Why do young people find it hard to stop self-harming?
There can be many reasons why your teen is self-harming, but there is one main reason they find it so hard to stop – although deeply unhealthy, it’s the most effective coping mechanism they’ve found for the troubles in their life!
But the short-term relief they feel after self-harming, soon gives way to strong negative feelings, which in turn need to be managed. And that's why young people find themselves in an endless cycle of self-harm.
Why does your teen self-harm?
In my experience, the most common reasons for young people self-harming are:
Why is it so hard to stop?
When asked, a lot of young people can't explain why they’re self-harming, but it’s commonly understood that the pain of hurting themselves is a distraction from...
Here’s a great article by from the Evening Express in Scotland. It’s about our founder - Claire Sutton and tells the story of how Claire supported her own teenage daughter’s recovery from self-harm...and now uses her experience to support other parents all around the world through the Youth Mental Health Foundation.
Claire Sutton admits it’s a very difficult experience to process when you find out your child is self-harming.
But she soon learned not to react with her own emotions to help her daughter Jade in the best way she could.
It would be a tough time for any parent. And it was a really intense time for Claire who was pregnant, exhausted, and caring for a baby, all while her husband was working away from home.
She is now turning her attention to families in the north-east, helping them through the potentially similar issues she faced herself.
There are a lot of myths about children and teen’s self-harming in the media that need correcting. Some of these myths cause parents even more fear and alarm and are more than unhelpful.
Knowing the differences between what is true and not true will help you better understand why your child is self-harming and how you can better support their recovery.
Self-harm always leads to suicide
The most frightening thing for a parent is the thought that your child could be thinking about ending their life. The assumption that self-injury always leads to suicide is NOT TRUE.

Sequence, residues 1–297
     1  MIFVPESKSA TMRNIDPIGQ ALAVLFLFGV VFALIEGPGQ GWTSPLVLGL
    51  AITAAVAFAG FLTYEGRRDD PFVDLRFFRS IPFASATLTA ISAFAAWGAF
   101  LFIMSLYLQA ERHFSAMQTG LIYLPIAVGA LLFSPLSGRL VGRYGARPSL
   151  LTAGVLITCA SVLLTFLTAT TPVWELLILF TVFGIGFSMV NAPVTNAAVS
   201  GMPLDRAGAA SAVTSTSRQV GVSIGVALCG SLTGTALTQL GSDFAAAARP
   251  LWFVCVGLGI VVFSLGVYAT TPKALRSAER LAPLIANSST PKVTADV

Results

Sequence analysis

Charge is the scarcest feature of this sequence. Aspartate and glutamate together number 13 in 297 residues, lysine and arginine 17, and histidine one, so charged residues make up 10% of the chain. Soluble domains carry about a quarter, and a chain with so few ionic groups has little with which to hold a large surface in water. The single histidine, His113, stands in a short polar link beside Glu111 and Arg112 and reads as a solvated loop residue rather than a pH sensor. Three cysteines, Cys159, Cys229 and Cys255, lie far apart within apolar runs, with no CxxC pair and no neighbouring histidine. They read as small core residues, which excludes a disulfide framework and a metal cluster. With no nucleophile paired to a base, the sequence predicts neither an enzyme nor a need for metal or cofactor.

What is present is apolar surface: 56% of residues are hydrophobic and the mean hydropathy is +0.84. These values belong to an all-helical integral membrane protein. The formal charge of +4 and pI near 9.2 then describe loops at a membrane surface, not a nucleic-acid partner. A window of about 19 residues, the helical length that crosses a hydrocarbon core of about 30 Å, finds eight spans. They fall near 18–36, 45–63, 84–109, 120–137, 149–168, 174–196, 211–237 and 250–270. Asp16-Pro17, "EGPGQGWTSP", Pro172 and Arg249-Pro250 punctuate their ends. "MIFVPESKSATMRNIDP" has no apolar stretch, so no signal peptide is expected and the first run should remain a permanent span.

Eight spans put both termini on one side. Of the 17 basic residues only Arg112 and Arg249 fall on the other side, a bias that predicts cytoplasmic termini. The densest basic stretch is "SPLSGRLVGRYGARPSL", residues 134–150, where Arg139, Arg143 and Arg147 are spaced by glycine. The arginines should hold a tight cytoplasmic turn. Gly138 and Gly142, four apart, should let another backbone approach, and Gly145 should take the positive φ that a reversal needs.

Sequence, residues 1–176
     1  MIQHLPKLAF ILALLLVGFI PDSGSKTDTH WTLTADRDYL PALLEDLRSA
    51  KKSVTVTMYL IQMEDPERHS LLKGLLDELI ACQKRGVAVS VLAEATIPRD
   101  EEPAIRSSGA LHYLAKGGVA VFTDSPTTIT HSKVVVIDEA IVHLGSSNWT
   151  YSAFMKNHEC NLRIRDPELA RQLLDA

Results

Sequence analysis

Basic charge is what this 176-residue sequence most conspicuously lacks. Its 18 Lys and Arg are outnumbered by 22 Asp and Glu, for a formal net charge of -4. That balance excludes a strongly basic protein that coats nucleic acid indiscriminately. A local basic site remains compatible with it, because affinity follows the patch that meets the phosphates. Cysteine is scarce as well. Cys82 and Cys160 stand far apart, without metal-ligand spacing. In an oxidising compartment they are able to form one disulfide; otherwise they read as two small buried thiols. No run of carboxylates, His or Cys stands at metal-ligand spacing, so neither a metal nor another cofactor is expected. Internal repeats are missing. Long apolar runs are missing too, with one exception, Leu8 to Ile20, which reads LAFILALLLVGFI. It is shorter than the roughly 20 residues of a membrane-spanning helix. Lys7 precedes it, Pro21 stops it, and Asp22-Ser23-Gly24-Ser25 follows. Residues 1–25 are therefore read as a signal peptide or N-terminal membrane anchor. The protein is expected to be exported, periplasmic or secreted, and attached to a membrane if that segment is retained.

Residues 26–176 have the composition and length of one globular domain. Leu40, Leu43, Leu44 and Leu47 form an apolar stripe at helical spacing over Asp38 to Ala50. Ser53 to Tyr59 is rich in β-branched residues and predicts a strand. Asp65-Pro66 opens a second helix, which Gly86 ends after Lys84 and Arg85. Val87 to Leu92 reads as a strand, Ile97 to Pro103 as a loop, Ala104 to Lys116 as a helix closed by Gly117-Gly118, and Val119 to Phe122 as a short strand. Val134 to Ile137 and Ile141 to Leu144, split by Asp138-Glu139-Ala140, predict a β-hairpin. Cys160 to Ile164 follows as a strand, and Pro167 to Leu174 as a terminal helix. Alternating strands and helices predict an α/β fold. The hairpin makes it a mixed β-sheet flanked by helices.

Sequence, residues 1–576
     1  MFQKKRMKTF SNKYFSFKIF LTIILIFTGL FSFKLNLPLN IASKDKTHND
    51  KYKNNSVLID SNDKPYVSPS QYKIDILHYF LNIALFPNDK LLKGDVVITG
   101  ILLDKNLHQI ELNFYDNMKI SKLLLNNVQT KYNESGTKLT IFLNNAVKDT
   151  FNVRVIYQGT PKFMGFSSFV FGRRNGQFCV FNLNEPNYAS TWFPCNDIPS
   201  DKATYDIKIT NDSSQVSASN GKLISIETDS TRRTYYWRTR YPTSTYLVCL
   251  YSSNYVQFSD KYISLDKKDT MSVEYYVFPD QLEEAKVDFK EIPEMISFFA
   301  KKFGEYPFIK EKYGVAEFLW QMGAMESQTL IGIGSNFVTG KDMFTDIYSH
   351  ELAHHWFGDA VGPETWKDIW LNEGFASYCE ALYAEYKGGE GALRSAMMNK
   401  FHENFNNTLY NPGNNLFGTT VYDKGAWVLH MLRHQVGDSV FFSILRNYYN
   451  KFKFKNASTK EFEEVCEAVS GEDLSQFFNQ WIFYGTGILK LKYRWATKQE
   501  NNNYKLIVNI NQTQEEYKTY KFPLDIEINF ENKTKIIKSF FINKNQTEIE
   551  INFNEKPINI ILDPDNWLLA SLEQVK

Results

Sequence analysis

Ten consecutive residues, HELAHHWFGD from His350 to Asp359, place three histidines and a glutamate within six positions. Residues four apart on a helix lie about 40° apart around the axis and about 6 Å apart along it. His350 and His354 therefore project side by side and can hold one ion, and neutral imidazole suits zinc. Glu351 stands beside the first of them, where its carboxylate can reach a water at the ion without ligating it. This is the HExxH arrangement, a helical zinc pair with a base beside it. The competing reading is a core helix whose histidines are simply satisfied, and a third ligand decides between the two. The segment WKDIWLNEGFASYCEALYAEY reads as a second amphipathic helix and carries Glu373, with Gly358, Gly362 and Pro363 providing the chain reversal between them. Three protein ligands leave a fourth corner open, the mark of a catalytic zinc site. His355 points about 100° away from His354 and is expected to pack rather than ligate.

Self-harm is actually a way of coping with emotional stress and the way your child seeks some sort of relief from how they’re currently feeling.
Examples of things that could be behind your child’s self-harm are include:
They may feel lonely
Underlying mental health condition
Low body confidence
And many more everyday stressors
Pressure at school
Discovering that your child is self-harming is profoundly shocking and upsetting for every parent; but it’s quite likely that your child is self-harming in ways you haven't even noticed.
Self-harming is an epidemic that affects young people across the world*:
Types of self-harm
Most of the coverage of self-harm in the media focuses on cutting, referencing children with self-inflicted wounds on their arms. But the reality is, this is only one form of self-harm, and many other forms get overlooked.
The following list will help you identify other ways that your child may be self harming:
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Less Common and often overlooked
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‘Not Making the Grade’ is a new report from UK mental health charity MIND.
The report has found that young people in the UK are:
1) unable to access mental health support.
2) having their mental health problems treated as bad behaviour.
We agree with Mind’s recommendations that investment needs to be channeled into early support hubs and that there needs to be transformation in the approach to discipline in schools
...BUT we feel there needs to be a FAR greater emphasis and investment in educating parents to support their child/young person's healing too.
You can read the full report here: https://www.mind.org.uk/media/8852/not-making-the-grade.pdf
If you're the parent or guardian of a young person who self-harms, you can download the Youth Mental Health Foundation's free e-book, guiding you to support your child's recovery: www.youthmentalhealthfoundation.org/e-book
We want to say a big thank you to Mel Stride MP for Central Devon, who invited our co-founder, Joel Sutton, to meet and discuss the state of young people's mental health in Devon.
Mel was particularly interested in why there has been such a dramatic increase in the number of young people self-harming in recent years and how parents, carers and family members can support a child/young person in crisis.
We're grateful for Mel's offer of support for our projects and fundraising going forward.
#SelfHarm #SelfHarmSupport #Parenting #Family #TheHorizonPlan #MentalHealth #TeenMentalHealth #MentalHealthSupport
It’s not surprising that many of the parents of self-harming young people that we help have problems sleeping. The stress, anxiety and worries about the future play on their minds and eat into their sleep.
Parents either tell us that they struggle to fall asleep or have restless sleep full of troubling dreams which mirrors their mental and emotional state.
Either way it’s so much harder to be calm, positive, patient, optimistic when your craving an opportunity to crawl into bed.
But how much sleep do we ACTUALLY NEED?
It’s commonly thought that 8 hours of sleep a night is the magic number.
And the evidence shows this is correct,
In one of many experiments, researchers took study participants into a laboratory with no sunlight or clocks and, at night, gave them nine-hour-long opportunity to sleep. The results were always the same: even when provided with more time, humans will typically spend an average of eight hours catching up on their Zzz.
So what happens...